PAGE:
Every week I run a Technorati and Icerocket search against the links of the stories from the Guardian’s Technology supplement to see what people have been saying about our articles. And pretty much every week I find at least one blog where they’ve taken all the content, lock stock and barrel, and simply reposted it on their blog.
This never fails to annoy me, I’m afraid. The point I make is that by doing this they’re contributing to a spiral which goes thusly: people read the content away from the Guardian; people don’t come to the Guardian pages to read it; Guardian reading figures fall; advertisers pay less and less to be on Guardian site; Guardian has less money to pay contributors; less is on site; nothing to rip off from Guardian site. So by nicking our content, these folk are cutting off their own source of stuff. (Sure, they’ll just move on to the next paper, but the idea that they’ve liked the stuff enough to take it from us is an indication that they think we’re worth something, surely.)
When I point out that this is theft and that they could be done for copyright infringement, most react by taking it down fast. Some apologise and say they weren’t aware. (This is I guess excusable; most people don’t get schooled in copyright law for everyday use.)
Some sites keep doing this; generally they’re in the US and use forum software.
But what’s remarkable is when you have a group of people who I’d always thought were very protective of copyright – photographers – who then go and do the same to not only the text but also the picture from a story.
Thus it was with Bruce Schneier’s latest piece, about the imagined threat that people taking photos of buildings poses to our safety. Because we’ve seen dastardly tururists taking photos of their intended target in films and TV, we assume that’s how it works in real life. Not so: it’s there for dramatic effect, so we’ll know what the target is and feel the unease at the people not knowing that they’re a target. When in fact all the terrorist attacks of the last however long haven’t had photographic reconnaissance.
Lots of people linked to this piece (unsurprising: it’s a very good piece, like his previous one about how border guards may take a copy of your hard drive; Schneier has had a galvanic effect on readers). Including photographers. Who in some cases copied the photo from our site and stuck it on theirs – no credit, no nothing. What is with these people? (One was here, another here, another here, another here.)
Update: the last of those four sites, who didn’t take all the copy but did (in the first version) copy the photo, belongs to a professional photographer from Manchester who in his comments is insisting “Good god do you people not know how the internet is changing and raising all kinds of questions about ownership etc. Wake Up”. Obviously, he’ll want you all to use his photos for free without crediting him if this chain of logic is followed through…
One person (not the Manchester photographer) wrote back and said:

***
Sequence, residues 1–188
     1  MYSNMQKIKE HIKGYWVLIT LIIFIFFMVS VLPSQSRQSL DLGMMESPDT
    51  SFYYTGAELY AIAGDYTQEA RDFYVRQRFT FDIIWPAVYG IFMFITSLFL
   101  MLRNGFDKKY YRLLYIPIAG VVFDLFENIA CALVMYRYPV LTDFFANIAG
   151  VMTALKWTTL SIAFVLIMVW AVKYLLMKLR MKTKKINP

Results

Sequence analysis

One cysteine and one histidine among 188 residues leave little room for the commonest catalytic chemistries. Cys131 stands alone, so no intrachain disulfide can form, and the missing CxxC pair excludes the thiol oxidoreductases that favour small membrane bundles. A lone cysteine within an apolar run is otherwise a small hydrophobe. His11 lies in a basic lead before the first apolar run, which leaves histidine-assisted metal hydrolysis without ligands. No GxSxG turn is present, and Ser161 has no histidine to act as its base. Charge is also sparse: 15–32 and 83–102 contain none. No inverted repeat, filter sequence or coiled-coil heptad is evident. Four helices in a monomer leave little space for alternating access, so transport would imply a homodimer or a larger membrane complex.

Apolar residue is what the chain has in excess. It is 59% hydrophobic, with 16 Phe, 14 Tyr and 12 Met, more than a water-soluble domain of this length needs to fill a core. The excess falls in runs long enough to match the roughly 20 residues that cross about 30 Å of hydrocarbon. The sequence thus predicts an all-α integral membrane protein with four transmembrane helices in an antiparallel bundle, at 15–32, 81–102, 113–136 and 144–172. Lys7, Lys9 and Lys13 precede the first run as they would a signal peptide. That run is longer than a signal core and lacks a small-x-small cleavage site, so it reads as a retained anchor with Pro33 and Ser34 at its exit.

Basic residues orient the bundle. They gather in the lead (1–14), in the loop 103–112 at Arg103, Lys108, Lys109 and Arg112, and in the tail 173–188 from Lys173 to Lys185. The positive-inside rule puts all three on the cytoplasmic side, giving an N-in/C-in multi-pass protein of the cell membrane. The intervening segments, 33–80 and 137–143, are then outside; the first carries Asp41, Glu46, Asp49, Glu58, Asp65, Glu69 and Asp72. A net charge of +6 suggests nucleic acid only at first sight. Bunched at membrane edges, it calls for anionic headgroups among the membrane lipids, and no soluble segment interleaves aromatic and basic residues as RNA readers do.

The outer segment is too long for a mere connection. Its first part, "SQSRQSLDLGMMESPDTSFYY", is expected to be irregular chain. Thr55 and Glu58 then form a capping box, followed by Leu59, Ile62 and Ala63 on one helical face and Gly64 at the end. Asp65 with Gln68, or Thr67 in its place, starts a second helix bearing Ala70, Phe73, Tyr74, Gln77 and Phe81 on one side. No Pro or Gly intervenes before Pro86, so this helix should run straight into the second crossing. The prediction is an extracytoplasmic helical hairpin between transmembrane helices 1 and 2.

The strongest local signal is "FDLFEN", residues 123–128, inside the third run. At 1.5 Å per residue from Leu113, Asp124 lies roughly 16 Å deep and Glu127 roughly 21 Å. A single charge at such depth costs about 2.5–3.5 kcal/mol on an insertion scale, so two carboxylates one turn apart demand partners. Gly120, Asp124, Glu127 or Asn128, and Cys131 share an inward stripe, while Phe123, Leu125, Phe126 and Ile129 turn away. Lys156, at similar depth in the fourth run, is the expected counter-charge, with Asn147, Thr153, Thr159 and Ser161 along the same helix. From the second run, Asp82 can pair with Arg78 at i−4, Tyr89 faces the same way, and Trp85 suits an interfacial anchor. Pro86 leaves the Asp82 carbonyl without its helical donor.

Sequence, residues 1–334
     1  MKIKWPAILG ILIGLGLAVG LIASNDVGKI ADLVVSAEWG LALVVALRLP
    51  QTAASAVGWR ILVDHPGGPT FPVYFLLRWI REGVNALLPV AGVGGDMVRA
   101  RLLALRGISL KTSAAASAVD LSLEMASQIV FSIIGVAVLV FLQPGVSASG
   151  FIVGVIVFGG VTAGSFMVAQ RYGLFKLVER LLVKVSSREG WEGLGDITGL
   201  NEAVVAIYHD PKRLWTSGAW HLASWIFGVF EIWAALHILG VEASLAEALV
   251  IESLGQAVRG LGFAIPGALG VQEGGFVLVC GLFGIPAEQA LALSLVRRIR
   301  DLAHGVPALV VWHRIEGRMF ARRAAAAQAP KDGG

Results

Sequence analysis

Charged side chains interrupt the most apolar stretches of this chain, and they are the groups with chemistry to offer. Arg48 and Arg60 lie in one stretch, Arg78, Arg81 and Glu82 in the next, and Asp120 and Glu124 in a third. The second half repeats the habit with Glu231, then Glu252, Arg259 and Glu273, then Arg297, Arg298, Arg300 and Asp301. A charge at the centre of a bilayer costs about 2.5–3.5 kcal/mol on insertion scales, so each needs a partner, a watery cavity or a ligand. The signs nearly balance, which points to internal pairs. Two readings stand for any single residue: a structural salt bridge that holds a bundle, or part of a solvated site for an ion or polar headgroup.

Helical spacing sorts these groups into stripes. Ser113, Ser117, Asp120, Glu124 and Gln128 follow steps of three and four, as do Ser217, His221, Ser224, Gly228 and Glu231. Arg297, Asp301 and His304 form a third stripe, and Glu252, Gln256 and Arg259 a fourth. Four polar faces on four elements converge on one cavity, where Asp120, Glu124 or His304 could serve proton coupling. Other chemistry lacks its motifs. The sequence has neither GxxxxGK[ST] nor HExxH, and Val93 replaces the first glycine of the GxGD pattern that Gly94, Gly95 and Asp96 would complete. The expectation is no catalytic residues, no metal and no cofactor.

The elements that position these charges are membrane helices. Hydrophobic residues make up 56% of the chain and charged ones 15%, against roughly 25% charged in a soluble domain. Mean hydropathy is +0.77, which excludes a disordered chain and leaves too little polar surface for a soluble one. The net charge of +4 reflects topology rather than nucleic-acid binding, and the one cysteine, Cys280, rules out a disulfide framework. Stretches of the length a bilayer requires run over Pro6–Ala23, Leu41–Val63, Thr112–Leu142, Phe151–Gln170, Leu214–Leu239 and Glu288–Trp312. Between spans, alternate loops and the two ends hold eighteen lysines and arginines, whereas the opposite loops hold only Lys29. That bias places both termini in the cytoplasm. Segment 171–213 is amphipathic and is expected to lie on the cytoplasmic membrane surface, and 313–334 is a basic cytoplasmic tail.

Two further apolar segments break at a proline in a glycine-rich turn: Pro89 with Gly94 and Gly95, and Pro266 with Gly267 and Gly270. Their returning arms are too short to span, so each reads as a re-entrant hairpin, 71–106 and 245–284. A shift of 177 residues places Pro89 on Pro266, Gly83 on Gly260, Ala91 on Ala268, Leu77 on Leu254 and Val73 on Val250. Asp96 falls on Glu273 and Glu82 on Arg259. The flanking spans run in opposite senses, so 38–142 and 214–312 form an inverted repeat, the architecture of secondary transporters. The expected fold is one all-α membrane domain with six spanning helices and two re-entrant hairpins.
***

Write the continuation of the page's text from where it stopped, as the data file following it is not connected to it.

Thanks for your note. Stealing is a harsh word when it could just be a misunderstanding first and foremost. (Also, we’re not a site about copyrights, it’s a site about photographers’ rights. There’s a difference.) Every picture we link to we will credit that site. We’re not in the business of stealing images. It’s a simple personal blog, so there’s really no need to get so hostile.
I did use the photo from the Guardian, with a link. There was no photo credit on the Guardian’s site. It looks to us like a still from the movie. Check out the post again. What more would you like?
A photographers’ rights site that doesn’t understand copyright. My irony meter just exploded. What would I like? Well, for you not to have copied the image and stuck it on your site, and left the credit to the very end of the blog post.
I know one thing: I could never work in the music or film industries. I’d simply spontaneously combust at all the expectations of people that because you’ve made something, they can get it absolutely gratis. Some people have the attitude that they’re being forced to acquire the music industry’s output, and that it puts Evil Price Barriers in their way. Uh-uh. Nobody’s forcing you to buy these things. people.
Bonus link: Wendy Grossman’s story from the Technology section from last year: A picture paints a thousand invoices:
Copyright owners are cracking down on the unlicensed use of images. A sample case: Geoff Cox runs Quest Cars, a small cab company in Taunton. In 2001, he hired a small local web developer (since gone bust) who decorated the resulting website with a few small photographs. Then in July, Cox received a letter from the legal firm Baker and Mackenzie saying that one of those photographs used on the website was copyright to the large picture agency Corbis and asking for £1,300 for a one-year licence to use that photograph (to expire a month later) plus administrative fees. The letter quoted copyright law and stated that there would be no negotiations.